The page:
It is in the spirit of return and out of a sense of renewed political urgency that we might invest in a capacious black feminism to build and to potentially realize survivable black futures. The CRC was a private, mysterious, alternate space convened for and by black women who gathered to soothe and to hear and to heal one another. The Collective was a lived space of self-care, nurturance, and black feminist communion — not unlike Ms. Rain’s classroom, or Janie’s porch, or Baby Suggs’ healing circle. Between and among themselves—the members developed the feminist frameworks of black radical thought and action. Between and among themselves, they made possible for black women the momentary but discrete exercise of individual will, the enactment of pleasure, the political refiguration of racialized gender, and the manifold practices that constitute our black feminist traditions and futures.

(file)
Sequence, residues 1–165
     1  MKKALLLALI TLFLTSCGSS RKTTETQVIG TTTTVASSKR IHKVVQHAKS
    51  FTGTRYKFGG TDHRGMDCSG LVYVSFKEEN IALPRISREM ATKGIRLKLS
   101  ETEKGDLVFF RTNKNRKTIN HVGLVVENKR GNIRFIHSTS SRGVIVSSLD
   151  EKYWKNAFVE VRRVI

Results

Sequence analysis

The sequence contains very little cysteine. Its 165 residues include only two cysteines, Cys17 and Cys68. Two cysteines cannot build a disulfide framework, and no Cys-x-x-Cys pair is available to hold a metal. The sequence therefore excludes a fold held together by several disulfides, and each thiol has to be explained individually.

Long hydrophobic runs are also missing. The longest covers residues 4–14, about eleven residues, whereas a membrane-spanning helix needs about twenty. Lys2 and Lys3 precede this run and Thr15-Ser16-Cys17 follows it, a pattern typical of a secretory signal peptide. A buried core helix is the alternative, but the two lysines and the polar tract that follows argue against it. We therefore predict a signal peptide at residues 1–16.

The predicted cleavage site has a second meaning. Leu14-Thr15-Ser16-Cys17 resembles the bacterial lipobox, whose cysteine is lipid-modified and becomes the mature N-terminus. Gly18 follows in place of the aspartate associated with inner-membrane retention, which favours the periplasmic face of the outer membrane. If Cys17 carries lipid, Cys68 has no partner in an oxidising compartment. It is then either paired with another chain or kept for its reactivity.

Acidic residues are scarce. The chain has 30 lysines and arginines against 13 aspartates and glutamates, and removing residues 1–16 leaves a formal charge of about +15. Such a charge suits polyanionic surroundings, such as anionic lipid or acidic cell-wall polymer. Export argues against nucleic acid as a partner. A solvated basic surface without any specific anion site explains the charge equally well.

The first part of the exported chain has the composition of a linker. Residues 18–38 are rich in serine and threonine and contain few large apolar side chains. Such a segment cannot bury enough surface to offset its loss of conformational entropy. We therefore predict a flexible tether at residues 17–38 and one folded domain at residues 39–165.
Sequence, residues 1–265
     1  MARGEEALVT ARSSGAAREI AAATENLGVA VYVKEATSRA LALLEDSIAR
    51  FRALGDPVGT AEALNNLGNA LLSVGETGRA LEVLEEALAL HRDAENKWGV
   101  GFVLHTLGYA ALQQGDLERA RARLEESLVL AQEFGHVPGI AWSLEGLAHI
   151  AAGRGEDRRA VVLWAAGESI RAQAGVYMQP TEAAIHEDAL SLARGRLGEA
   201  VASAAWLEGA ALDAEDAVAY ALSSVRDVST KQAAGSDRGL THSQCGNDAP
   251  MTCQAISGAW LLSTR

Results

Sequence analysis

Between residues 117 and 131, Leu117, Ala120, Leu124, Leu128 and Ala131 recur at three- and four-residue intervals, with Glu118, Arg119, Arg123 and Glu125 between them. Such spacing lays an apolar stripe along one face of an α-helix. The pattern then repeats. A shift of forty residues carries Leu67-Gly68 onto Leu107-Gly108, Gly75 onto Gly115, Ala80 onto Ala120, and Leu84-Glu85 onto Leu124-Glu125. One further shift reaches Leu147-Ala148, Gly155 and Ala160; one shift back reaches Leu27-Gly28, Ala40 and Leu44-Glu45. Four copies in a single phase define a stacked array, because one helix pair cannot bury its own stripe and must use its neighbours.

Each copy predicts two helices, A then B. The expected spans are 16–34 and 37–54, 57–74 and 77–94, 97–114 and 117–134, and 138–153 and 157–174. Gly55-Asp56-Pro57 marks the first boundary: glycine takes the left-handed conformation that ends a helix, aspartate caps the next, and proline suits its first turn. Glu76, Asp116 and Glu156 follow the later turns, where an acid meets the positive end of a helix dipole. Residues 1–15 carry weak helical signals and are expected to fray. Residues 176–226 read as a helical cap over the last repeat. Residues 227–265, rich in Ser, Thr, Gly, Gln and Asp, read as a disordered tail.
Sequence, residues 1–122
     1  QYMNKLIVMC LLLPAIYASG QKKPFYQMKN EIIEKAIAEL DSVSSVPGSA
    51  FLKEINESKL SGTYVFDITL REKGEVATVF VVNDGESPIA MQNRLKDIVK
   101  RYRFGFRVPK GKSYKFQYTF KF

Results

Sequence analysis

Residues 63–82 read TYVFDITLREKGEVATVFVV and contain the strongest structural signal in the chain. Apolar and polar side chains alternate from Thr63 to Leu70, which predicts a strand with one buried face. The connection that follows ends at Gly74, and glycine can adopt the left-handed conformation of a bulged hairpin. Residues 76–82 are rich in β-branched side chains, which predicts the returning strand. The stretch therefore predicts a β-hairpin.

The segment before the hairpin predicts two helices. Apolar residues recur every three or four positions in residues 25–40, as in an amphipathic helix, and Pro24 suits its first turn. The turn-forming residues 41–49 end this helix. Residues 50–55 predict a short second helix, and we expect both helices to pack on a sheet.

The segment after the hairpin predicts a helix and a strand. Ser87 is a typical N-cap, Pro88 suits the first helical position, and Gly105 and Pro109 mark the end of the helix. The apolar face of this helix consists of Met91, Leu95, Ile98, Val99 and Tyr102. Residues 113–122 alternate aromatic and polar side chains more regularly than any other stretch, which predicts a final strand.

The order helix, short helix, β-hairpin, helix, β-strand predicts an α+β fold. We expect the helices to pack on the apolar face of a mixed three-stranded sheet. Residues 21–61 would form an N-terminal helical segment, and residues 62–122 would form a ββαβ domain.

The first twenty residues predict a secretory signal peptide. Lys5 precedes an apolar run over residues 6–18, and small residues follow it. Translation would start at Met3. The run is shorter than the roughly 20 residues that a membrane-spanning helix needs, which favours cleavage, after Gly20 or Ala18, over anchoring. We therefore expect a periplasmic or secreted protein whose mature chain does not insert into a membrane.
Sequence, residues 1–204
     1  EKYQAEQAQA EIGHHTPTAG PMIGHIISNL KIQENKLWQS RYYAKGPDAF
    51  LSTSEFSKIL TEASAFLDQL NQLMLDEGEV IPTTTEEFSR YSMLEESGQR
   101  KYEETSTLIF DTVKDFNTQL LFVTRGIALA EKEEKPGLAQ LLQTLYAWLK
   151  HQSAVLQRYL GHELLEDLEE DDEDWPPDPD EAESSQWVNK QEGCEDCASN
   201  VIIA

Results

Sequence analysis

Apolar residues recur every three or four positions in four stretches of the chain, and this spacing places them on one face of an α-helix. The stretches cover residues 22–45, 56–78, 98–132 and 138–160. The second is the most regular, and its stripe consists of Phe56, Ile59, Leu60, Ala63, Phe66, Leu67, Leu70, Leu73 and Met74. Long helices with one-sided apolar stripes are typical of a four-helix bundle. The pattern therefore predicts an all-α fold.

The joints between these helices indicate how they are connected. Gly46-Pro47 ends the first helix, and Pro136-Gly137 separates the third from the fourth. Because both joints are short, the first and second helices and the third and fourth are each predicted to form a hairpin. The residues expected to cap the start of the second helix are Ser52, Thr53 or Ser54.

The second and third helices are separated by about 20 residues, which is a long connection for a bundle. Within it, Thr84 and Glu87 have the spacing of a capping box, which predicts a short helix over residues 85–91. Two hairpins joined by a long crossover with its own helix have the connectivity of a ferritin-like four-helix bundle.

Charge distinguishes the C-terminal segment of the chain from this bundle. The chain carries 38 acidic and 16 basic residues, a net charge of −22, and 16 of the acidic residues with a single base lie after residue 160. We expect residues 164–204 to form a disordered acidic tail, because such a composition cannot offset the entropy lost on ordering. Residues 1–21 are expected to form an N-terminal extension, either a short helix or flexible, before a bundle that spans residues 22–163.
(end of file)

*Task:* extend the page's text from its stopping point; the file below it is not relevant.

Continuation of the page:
Because my own words have been so hard to come by lately, I conclude here with words from the CRC statement—that is, with words to live by: “We realize that the only people who care enough about us to work consistently for our liberation are us. . . .We believe that the most profound and potentially most radical politics come directly out of our own identity, as opposed to working to end somebody else’s oppression. . . .We reject pedestals, queenhood, and walking ten paces behind. To be recognized as human, levelly human, is enough.”4

Political Longing and the Erotics of Race, was published by Duke University Press in 2012. She is writing her second book, provisionally titled “Millennial Style: The Politics of Experiment in Contemporary African Diasporic Culture.”


1Rodrıguez, Dylan. Forced Passages: Imprisoned Radical Intellectuals and the U.S. Prison Regime. U of Minnesota P, 2006. (34).
2Browne, Simone. Dark Matters: On the Surveillance of Blackness. Durham: Duke UP, 2015. (10).
3Spillers, Hortense J. “Women and the Early Republics: Revolution, Sentiment, and Sorrow.” 12 October 2014, Harvard University. W.E.B. Du Bois Lectures.
4Combahee River Collective. The Combahee River Collective Statement: Black Feminist Organizing in the Seventies and Eighties. Kitchen Table: Women of Color Press, 1986.